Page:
GP Insights # 230, 25 January 2020
The death toll due to the virus has reached 41 as on 25 January 2020, and over a thousand cases have been confirmed. The virus has been confirmed in various parts of the world with patients exhibiting pneumonia-like symptoms. The virus was first reported to the WHO on 31 December 2019 where the Chinese scientists linked the disease to a family of viruses that include the deadly SARS and Middle East Respiratory Syndrome (MERS). The World Health Organisation held an emergency meeting after the virus was seen fast-spreading during the Lunar New Year season, and revealed that it is still early to declare the virus a public health emergency of International Concern, one- because the international cases are not many and two- China is seen taking appropriate measures to deal with it.
Major festivities have been cancelled in Beijing and Hong Kong to try and prevent large gatherings. Over 34 cases have known to be cured and released from hospitals.
What is the background?
2019-nCoV or the coronavirus is thought to have originated at a food-market in the Hubei province of Central China Metropolis. Reports suggest that it may have been from snake-meat. The age range of the cases have been between 50 and 90 largely, the youngest reported death has been about a 39-year-old male. This is the second major outbreak in China after the SARS in 2003. It had seen more than 8000 cases and killed over 800 people in 26 countries.
Outside China, there have been a series of outbreaks during recent decades. In 2008 and 2009, there was a deadly Cholera outbreak which claimed over 4500 lives in Zimbabwe. This was followed by the 2009 flu pandemic, where the influenza virus claimed over 200,000 lives worldwide. In 2016-2017, a cholera outbreak in Yemen caused over 1700 deaths. There was a Japanese Encephalitis outbreak in 2017 in India, that claimed 64 lives and the Nipah Virus outbreak in India that claimed 17 lives in 2018. There have been deadly meases and ebola outbreaks in the Democratic Republic of Congo in 2019 and 2020, and have seen over 7000 deaths in two years.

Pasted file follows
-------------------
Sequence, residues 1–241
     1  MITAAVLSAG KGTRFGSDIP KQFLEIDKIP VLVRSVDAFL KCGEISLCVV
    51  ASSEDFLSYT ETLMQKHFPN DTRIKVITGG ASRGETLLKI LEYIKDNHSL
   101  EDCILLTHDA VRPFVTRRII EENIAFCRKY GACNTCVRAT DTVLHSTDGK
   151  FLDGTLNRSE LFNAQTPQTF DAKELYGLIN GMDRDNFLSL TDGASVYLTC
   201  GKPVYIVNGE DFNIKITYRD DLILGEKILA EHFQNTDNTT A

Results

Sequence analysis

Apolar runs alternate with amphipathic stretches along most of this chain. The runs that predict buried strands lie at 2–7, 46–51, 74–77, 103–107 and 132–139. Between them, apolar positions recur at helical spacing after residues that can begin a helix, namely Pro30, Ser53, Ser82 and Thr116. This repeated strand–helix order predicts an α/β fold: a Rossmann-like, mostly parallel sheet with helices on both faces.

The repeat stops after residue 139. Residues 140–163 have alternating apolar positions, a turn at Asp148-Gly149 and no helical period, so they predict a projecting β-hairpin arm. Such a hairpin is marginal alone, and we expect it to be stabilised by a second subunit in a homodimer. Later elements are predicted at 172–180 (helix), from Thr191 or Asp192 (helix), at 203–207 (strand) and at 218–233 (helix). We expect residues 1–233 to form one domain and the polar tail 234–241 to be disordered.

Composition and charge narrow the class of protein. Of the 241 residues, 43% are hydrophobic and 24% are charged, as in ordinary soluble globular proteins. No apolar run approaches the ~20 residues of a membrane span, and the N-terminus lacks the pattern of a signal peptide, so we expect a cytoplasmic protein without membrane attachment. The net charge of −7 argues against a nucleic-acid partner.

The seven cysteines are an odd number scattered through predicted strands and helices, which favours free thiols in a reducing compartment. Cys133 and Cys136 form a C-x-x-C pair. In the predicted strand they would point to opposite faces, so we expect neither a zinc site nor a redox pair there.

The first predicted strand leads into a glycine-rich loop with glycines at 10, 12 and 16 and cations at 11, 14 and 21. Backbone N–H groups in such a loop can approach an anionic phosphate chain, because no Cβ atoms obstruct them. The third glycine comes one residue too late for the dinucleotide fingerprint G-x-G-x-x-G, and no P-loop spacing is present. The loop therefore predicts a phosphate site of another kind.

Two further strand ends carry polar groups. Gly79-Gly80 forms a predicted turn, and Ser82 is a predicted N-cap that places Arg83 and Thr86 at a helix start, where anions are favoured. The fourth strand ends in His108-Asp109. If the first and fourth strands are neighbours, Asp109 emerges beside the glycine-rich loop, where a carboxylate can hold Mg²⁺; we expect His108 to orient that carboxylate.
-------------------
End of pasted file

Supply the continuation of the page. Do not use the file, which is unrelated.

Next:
The Chinese response to the virus outbreak has been quick. Alert levels have risen in several provinces in China. The State Council have asked their citizens to report cases on their Online Inspection platform. It has put a check on the transportation and movement of people and has increased the number of active staff working to contain the spread.
What does it mean?
First, despite the virus outbreak still in small numbers outside China, coronavirus is no longer only Beijing’s problem.
Second, one can observe that all the major outbreaks in the past two decades have been in the global south, which means there is a clear requirement to increase the quality of healthcare in the world. It is essential for China to seek help and the other nations to offer their expertise in the issue.
Third, the global movement of people across the world is bound to cause problems. Though Wuhan is the base, the fact that Singapore, Bangkok and Washington have reported victims within weeks would underline the new reality. Epidemics are likely to spread faster across the continents than ever before. Containment would need better preparation and global coordination.